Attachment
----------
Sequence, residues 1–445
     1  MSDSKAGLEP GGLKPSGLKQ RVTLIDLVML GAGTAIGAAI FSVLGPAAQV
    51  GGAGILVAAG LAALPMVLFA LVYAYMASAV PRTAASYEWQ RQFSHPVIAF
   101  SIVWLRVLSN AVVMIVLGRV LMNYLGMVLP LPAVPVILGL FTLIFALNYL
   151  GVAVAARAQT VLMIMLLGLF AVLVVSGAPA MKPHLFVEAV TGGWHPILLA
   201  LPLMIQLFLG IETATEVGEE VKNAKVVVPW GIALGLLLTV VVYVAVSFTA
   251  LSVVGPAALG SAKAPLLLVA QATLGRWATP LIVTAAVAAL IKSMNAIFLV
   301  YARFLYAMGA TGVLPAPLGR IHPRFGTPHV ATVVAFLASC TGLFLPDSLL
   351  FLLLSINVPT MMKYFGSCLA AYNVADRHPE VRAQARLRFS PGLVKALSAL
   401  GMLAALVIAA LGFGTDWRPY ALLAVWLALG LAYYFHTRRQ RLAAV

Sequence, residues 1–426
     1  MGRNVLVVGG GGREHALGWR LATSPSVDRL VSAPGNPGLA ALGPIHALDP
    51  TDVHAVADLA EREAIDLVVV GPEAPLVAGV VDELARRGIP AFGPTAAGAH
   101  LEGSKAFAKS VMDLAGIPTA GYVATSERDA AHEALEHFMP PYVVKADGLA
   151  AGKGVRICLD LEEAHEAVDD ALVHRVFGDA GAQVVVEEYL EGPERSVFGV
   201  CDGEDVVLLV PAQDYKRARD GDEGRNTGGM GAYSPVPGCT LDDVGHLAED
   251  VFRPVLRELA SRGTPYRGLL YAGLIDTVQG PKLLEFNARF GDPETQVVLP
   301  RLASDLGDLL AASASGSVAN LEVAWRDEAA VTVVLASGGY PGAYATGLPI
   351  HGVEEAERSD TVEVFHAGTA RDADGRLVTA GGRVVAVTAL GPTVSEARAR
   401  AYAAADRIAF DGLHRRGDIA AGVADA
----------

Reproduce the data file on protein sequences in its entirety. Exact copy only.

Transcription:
Sequence, residues 1–445
     1  MSDSKAGLEP GGLKPSGLKQ RVTLIDLVML GAGTAIGAAI FSVLGPAAQV
    51  GGAGILVAAG LAALPMVLFA LVYAYMASAV PRTAASYEWQ RQFSHPVIAF
   101  SIVWLRVLSN AVVMIVLGRV LMNYLGMVLP LPAVPVILGL FTLIFALNYL
   151  GVAVAARAQT VLMIMLLGLF AVLVVSGAPA MKPHLFVEAV TGGWHPILLA
   201  LPLMIQLFLG IETATEVGEE VKNAKVVVPW GIALGLLLTV VVYVAVSFTA
   251  LSVVGPAALG SAKAPLLLVA QATLGRWATP LIVTAAVAAL IKSMNAIFLV
   301  YARFLYAMGA TGVLPAPLGR IHPRFGTPHV ATVVAFLASC TGLFLPDSLL
   351  FLLLSINVPT MMKYFGSCLA AYNVADRHPE VRAQARLRFS PGLVKALSAL
   401  GMLAALVIAA LGFGTDWRPY ALLAVWLALG LAYYFHTRRQ RLAAV

Sequence, residues 1–426
     1  MGRNVLVVGG GGREHALGWR LATSPSVDRL VSAPGNPGLA ALGPIHALDP
    51  TDVHAVADLA EREAIDLVVV GPEAPLVAGV VDELARRGIP AFGPTAAGAH
   101  LEGSKAFAKS VMDLAGIPTA GYVATSERDA AHEALEHFMP PYVVKADGLA
   151  AGKGVRICLD LEEAHEAVDD ALVHRVFGDA GAQVVVEEYL EGPERSVFGV
   201  CDGEDVVLLV PAQDYKRARD GDEGRNTGGM GAYSPVPGCT LDDVGHLAED
   251  VFRPVLRELA SRGTPYRGLL YAGLIDTVQG PKLLEFNARF GDPETQVVLP
   301  RLASDLGDLL AASASGSVAN LEVAWRDEAA VTVVLASGGY PGAYATGLPI
   351  HGVEEAERSD TVEVFHAGTA RDADGRLVTA GGRVVAVTAL GPTVSEARAR
   401  AYAAADRIAF DGLHRRGDIA AGVADA